- Is there a reason something like this wasn’t done previously? If the new feature runs counter to existing architecture, ask yourself why.
- Has the team implemented something like this before? Is there an existing feature you’d like them to take inspiration from?
- Have you included enough of a roadmap to help the team estimate accurately? For example, for a more junior team, it may help to include a step-by-step guide that suggests adding a utility to module A, then building UI for widget B, then adding a query that fetches data from module A to give to widget B, etc. A more senior team might only need a brief suggested route. Rather than turn-by-turn directions, a simple “Use the widget C model for this” might suffice.
- Have you included enough of the broader context you hold that the development team can make smart decisions about their approach and potential tradeoffs? What should they optimize for: development time, reuse, performance? What might we want to leverage this work for (e.g., as a prototype for future widgets or maybe an opportunity to flex a new testing utility)?
- Are there any other technical goals you’d like them to keep in mind? I use this question as an opportunity to share any development philosophies that should inform the feature.
Our delivery leads work hard to ensure that stories are cut in such a way that they can be shipped independently, but it’s important to review these questions with a technical eye.
- If the feature is dependent on any kind of system state, how will the QA team get into that state? Do they need any utilities or scripts, to, for example, review the order confirmation page without activating an entire shipping workflow?
- Will this feature be clear and presentable in a demo? Might stakeholders who aren’t at your demo be confused about what’s finished and what’s not? (We strive to release shippable software every sprint, but sometimes scheduling requires that a quiz lands on a “PLACEHOLDER” page until the completion page is finished or that a profile page shows a fake user for the time being. When you encounter these loose ends, is there a quick stopgap that will minimize confusion?)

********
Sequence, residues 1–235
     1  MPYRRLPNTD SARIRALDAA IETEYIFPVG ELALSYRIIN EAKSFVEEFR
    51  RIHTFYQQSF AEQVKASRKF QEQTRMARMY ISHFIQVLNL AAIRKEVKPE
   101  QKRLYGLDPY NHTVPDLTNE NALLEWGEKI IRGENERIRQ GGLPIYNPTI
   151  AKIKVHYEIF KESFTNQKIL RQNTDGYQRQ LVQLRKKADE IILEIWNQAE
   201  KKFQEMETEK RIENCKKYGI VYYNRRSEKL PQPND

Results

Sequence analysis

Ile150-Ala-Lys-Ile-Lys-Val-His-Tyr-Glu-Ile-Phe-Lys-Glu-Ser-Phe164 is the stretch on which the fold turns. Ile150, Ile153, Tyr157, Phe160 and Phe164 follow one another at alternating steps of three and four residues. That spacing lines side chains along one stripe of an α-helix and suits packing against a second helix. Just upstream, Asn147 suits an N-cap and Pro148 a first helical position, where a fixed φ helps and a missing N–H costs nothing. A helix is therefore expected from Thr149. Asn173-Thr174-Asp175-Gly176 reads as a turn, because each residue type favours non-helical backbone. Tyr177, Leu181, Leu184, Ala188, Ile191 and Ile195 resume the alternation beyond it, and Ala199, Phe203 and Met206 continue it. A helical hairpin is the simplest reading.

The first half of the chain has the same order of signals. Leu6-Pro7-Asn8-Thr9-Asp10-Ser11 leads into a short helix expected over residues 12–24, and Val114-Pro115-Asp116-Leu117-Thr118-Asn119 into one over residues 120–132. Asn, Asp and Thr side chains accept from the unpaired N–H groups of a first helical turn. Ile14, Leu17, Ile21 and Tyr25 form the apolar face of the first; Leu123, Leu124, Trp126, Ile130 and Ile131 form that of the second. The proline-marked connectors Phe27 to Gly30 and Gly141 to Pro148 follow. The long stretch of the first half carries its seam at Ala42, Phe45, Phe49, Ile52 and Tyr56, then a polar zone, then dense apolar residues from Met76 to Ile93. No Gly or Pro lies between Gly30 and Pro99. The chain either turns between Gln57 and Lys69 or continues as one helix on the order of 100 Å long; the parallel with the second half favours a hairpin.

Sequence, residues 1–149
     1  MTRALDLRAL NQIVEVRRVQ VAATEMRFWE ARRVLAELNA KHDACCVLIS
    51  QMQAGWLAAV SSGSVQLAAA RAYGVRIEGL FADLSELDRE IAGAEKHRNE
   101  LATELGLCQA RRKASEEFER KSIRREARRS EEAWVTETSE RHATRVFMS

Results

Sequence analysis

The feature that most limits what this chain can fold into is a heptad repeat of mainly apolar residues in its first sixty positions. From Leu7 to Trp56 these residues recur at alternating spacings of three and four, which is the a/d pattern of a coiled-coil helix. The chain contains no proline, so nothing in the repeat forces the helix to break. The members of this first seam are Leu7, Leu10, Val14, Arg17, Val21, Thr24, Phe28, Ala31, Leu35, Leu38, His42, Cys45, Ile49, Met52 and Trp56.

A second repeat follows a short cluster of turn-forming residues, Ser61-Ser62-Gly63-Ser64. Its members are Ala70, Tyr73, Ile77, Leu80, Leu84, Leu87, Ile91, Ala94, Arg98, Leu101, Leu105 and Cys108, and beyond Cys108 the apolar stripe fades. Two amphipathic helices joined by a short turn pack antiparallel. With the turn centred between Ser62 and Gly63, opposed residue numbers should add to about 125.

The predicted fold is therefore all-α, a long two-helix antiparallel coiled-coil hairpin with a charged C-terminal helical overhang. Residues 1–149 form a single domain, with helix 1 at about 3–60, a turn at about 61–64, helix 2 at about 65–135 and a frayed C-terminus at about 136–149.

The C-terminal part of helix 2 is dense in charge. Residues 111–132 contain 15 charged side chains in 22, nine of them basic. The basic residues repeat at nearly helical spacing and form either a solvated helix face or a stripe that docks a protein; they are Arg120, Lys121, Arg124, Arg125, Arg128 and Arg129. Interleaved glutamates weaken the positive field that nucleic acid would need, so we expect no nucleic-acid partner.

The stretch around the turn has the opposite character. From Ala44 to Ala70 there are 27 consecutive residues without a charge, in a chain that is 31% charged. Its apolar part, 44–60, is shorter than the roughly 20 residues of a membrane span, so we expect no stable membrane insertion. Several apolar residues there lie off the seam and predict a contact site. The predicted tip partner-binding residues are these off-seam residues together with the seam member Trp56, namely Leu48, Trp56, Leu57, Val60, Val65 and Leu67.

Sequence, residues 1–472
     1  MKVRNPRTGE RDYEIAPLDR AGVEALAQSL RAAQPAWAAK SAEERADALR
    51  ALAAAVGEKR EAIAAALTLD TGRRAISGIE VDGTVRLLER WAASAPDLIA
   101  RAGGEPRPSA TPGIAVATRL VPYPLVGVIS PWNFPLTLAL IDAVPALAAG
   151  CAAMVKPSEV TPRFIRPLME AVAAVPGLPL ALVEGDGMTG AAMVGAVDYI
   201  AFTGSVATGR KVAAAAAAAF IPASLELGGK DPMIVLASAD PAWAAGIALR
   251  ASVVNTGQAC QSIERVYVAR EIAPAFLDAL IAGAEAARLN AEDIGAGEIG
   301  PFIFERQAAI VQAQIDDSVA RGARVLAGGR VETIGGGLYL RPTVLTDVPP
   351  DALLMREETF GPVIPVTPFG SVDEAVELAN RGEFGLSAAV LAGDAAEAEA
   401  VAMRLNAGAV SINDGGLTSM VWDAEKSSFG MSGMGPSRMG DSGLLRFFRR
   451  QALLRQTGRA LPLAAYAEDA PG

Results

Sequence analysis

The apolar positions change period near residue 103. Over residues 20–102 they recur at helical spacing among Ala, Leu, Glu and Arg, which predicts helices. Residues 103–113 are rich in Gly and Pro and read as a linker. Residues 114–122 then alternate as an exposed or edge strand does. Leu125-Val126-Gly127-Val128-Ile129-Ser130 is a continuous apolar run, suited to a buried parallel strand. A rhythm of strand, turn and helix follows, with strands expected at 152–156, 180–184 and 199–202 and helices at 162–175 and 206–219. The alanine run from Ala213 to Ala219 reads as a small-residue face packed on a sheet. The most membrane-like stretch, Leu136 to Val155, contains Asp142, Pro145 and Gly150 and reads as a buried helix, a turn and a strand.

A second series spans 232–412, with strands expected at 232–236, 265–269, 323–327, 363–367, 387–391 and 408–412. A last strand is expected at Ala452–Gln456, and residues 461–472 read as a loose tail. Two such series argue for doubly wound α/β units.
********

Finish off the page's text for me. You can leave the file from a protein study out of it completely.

- Does the development team have access to all of the content they need? Do they need any new credentials for integrations? If you’re not able to provide real content at the time of implementation for reasons beyond your control (e.g., the wheels of bureaucracy moving slowly), can you use placeholder content that makes it extremely clear to reviewing stakeholders what’s missing and why?
- Is this work going to be backwards compatible with previous releases? If not, how will the team cope with that? This is particularly relevant in cases where all releases of a client are using a single server or when you’re working with external services.
3. Dotting I’s and Crossing T’s
Finally, I find that there are a few things I tend to forget. Have you defined:
- The data source for any text on the screen, particularly dynamic copy?
- How any UI behaves at different device and window sizes?
- Any animations?
- Any error states?
- Any form validation? What makes an invalid input?
This list has been helpful for me, but bear in mind that many of these questions may shift or become irrelevant from project to project. In particular, a development team’s experience breakdown can change the landscape significantly. Don’t be afraid to task your team with answering some of these questions themselves! Just make sure someone is asking them.